The five-month project, which started in November, involved the basin first being drained and fish carefully caught and relocated. Volunteers and skilled craftsman from the Trust then dismantled the basin's wall.
A 150-metre length of wharf wall has been re-built using many of the same techniques used to build the basin 200 years ago. Volunteers and staff took part in special training days, which gave them the chance to learn historic skills including using traditional lime mortar.
Judy Jones, heritage advisor at the Canal & River Trust, said: “The volunteers and staff have worked really hard to get the basin re-opened for Easter and the start of the main boating season. By teaching people the traditional skills that were used in its construction it is a great opportunity to show why conserving our heritage is so important.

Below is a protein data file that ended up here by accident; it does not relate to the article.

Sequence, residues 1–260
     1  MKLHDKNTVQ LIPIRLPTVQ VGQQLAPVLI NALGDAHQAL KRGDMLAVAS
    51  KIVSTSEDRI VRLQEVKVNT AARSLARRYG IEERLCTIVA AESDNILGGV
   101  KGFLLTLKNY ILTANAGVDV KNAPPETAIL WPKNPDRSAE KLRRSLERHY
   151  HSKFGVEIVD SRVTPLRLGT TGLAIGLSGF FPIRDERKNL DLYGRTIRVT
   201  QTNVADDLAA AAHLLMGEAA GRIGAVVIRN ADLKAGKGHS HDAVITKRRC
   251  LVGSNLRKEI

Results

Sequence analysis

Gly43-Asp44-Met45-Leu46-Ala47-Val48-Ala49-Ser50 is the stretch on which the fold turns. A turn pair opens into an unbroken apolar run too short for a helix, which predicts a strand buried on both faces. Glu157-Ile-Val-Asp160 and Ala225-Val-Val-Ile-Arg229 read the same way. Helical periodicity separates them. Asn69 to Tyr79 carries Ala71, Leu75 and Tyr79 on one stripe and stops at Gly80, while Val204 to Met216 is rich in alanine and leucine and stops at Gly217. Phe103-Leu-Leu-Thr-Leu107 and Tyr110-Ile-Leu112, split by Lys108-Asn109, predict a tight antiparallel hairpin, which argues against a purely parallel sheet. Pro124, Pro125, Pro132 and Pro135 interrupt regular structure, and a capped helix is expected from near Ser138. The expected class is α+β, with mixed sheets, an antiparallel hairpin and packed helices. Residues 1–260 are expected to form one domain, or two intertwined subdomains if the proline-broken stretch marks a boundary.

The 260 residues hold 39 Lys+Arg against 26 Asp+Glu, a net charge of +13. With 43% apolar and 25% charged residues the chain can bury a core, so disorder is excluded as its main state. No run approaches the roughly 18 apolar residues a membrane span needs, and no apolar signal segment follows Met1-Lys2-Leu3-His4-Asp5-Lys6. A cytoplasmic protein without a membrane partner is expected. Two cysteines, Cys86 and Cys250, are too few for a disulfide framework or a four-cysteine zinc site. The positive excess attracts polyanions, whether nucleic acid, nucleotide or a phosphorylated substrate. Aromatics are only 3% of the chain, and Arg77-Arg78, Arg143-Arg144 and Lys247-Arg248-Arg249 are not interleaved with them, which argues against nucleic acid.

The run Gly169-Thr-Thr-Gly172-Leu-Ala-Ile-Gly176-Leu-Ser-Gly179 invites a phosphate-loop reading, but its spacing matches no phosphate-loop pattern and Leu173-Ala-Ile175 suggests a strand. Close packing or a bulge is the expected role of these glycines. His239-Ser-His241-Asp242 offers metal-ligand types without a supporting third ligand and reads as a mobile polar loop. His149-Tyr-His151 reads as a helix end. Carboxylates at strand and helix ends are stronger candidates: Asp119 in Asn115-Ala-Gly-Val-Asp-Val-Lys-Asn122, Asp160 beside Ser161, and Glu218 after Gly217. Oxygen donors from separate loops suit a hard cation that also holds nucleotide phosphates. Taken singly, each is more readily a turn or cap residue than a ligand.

Bugsworth Basin was once the largest and busiest inland port on Britain's narrow canal system, and the only one to survive intact. Today it is enjoyed by thousands of visitors and the important work which has been done here will conserve this piece of living history for many years to come."
Ian Edgar from the Inland Waterways Protection Society, added: “This wharf wall has had to be completely rebuilt due to its age and the effect on the historic structure caused by modern propeller driven boats. The quality and craftsmanship of the work undertaken by Canal & River Trust staff, usually in atrocious weather conditions is exemplary and fully in accordance with English Heritage and ecological requirements.
“This wall will last another 200 years like the rest of Bugsworth Basin. It has been a pleasure for the volunteers of The Inland Waterways Protection Society to work alongside the professionals. We have to thank everybody for this excellent outcome.”